List of oldest buildings in the Americas

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This article lists the oldest known surviving buildings constructed in the Americas, including on each of the regions and within each country. "Building" is defined as any human-made structure used or interface for supporting or sheltering any use or continuous occupancy. In order to qualify for this list a structure must:

Contents

Pre-Columbian era

NameImageNoteCountryHistorical regionFirst BuiltUseSource
Sechin Bajo Sechin casma valley.JPG A large archaeological site with ruins dating from 3500 BCE to 1300 BCE Department of Áncash, Peru 3500 BCAdministrative-Ceremonial center [1]
Pyramids of Caral Caral-Supe in Peru.jpg These pyramids predate the Egyptian pyramids by around 100 years Department of Lima, Peru Caral civilization 2600 BCTemples and residential buildings [2]
Kotosh Templo Blanco de Kotosh amb l'edifici del Templo de las Manos darrera06.jpg Archaeological site consisting of buildings with six periods of continuous occupation. Huánuco, Peru 1800 BCTemple [3]
Garagay PILASTRA FRENTE.jpg One of the largest centers of pre-Columbian culture on Peru's central coast Lima, Peru 1400 BCTemples [4]
Yucuita Yucuito.jpg Founded by the Mixtec civilization in the pre-Classic Period Oaxaca, Mexico Mixtec civilization 14th century BCCeremonial center and a square [5]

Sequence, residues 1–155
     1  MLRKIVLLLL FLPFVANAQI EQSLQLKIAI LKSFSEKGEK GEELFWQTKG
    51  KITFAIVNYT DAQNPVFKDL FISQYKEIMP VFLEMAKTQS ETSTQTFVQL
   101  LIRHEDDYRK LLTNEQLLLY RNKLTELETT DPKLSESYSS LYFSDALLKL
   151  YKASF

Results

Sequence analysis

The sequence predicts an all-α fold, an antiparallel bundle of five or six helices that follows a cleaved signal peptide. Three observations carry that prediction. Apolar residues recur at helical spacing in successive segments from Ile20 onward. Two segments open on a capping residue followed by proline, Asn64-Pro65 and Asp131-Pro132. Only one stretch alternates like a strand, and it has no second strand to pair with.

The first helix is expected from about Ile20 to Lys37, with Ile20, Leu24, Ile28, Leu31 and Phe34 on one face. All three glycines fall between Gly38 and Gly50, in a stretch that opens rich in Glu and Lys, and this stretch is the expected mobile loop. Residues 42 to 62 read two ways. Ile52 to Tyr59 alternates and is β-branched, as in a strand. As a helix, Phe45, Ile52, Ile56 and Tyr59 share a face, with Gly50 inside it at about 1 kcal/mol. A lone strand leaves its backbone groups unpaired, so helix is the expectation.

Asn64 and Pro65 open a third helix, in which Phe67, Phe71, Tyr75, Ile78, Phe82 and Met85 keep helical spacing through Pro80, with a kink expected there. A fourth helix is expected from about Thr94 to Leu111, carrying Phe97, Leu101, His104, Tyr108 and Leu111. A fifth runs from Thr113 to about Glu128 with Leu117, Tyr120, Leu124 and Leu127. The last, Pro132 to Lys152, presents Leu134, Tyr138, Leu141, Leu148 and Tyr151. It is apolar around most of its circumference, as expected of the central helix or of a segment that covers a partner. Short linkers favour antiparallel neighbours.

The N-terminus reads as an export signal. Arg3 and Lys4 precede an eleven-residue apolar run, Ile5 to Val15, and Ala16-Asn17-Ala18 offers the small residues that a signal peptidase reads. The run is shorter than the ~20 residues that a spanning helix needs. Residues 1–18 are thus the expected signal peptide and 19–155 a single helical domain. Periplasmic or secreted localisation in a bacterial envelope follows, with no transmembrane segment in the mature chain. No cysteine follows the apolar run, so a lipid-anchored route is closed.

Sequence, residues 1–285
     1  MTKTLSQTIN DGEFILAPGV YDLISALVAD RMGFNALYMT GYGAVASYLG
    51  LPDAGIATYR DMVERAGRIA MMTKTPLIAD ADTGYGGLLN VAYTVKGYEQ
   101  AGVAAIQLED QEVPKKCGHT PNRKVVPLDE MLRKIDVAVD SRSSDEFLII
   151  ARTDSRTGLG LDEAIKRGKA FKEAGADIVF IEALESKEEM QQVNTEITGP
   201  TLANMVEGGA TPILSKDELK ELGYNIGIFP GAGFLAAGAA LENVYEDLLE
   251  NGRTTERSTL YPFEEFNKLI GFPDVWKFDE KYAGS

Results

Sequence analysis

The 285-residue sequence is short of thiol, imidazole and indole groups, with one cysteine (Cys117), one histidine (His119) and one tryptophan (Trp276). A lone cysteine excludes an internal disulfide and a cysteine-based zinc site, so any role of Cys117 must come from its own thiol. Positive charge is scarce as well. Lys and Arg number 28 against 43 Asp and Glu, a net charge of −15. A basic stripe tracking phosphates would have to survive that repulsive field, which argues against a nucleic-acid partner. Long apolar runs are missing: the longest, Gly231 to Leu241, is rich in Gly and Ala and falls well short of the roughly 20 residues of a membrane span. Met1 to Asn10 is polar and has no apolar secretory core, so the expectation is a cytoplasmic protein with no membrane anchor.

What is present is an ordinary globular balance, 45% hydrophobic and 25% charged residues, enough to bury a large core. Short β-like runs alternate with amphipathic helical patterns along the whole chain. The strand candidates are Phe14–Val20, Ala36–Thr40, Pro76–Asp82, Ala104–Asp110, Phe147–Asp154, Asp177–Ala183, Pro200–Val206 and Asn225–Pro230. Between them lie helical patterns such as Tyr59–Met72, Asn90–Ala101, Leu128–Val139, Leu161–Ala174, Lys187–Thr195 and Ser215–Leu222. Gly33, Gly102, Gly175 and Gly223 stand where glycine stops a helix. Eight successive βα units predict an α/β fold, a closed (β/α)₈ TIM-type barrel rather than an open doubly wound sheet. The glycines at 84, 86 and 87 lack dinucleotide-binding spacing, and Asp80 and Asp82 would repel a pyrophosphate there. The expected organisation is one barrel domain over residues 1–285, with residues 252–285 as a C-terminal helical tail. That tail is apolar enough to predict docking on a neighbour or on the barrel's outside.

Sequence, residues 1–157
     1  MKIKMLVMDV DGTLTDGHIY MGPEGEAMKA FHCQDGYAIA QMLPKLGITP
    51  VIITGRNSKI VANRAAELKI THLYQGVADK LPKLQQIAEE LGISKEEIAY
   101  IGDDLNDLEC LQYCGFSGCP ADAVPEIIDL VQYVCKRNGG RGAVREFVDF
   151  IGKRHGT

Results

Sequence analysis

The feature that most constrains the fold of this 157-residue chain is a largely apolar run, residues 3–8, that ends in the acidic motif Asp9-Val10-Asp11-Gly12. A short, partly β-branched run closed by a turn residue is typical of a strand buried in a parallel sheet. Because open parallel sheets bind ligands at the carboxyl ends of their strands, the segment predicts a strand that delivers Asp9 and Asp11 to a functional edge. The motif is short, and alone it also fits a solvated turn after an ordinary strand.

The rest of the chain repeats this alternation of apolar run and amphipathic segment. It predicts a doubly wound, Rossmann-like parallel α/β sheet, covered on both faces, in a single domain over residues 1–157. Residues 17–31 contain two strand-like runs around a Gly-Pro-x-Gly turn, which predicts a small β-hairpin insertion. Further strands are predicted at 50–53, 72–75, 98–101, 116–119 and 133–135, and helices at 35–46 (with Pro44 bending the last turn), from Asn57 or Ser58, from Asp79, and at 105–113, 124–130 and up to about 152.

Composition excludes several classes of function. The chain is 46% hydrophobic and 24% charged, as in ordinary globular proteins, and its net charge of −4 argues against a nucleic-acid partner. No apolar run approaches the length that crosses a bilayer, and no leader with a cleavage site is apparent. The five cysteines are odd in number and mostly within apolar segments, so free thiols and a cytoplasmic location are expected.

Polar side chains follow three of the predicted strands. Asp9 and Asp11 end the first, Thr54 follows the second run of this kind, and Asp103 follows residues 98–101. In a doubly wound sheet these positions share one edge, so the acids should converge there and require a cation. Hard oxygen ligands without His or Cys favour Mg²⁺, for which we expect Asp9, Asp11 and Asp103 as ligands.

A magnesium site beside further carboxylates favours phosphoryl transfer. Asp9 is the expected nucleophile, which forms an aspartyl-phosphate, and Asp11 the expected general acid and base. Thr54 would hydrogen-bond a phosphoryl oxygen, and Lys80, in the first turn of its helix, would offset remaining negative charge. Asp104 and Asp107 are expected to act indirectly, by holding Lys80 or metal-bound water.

San José Mogote San Jose Mogote Pyramid.jpg San José Mogote was the largest and most important settlement in the Valley of Oaxaca during the Early and Middle Formative periods Oaxaca, Mexico Zapotec civilization 1300 BCTown [6]
Chavín de Huantar Chavin de Huantar-5.jpg Occupation at Chavín de Huántar has been carbon dated to at least 3000 BCE Department of Áncash, Peru Chavín culture 1200 BCReligious center [7]

Colonial era

NameImageNoteLocationHistorical regionBuiltSource
Basilica Cathedral of Santa María la Menor Basilica Menor de Santa Maria CCSD 07 2017 4676.jpg It was the first and oldest cathedral established in the Americas. Santo Domingo, Dominican Republic Columbian Viceroyalty, Spanish Empire 1514-1541 [8] [9]
Monasterio de San Francisco CCSD RD 12 2017 7554.jpg It was the first and oldest monastery built in the Americas. Santo Domingo, Dominican Republic Columbian Viceroyalty, Spanish Empire1509-1560 [9]
Hospital San Nicolás de Bari Ruinas San Nicolas de Bari CCSD 09 2018 1414.jpg It was the oldest hospital built in the Americas. Santo Domingo, Dominican Republic Columbian Viceroyalty, Spanish Empire1503 [9] [10]
Ozama Fortress Fortaleza Ozama RD 11 2017 6495.jpg It is the oldest military construction of European origin in the Americas. Santo Domingo, Dominican Republic Columbian Viceroyalty, Spanish Empire1502-1508 [9] [11]
Palace of Cortés Palacio de Cortes 2017.jpg It is the oldest conserved colonial-era civil structure in the continental Americas. Cuernavaca, Mexico Viceroyalty of New Spain, Spanish Empire1523-1528 [12] [13]
Colegio de Santa Cruz de Tlatelolco Templo y Ex Convento, Santiago Tlatelolco.jpg It was the first European school of higher learning in the Americas and the first major school of interpreters and translators in the New World. Mexico City, Mexico Viceroyalty of New Spain, Spanish Empire1536 [14] [15]
Biblioteca Palafoxiana BIBLIOTECA PALAFOXIANA.tif It is the first and oldest public library in the Americas. Puebla City, Mexico Viceroyalty of New Spain, Spanish Empire1646-1773 [16] [17] [18]

See also

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Fortaleza Ozama Early sixteenth-century fortress built by the Spaniards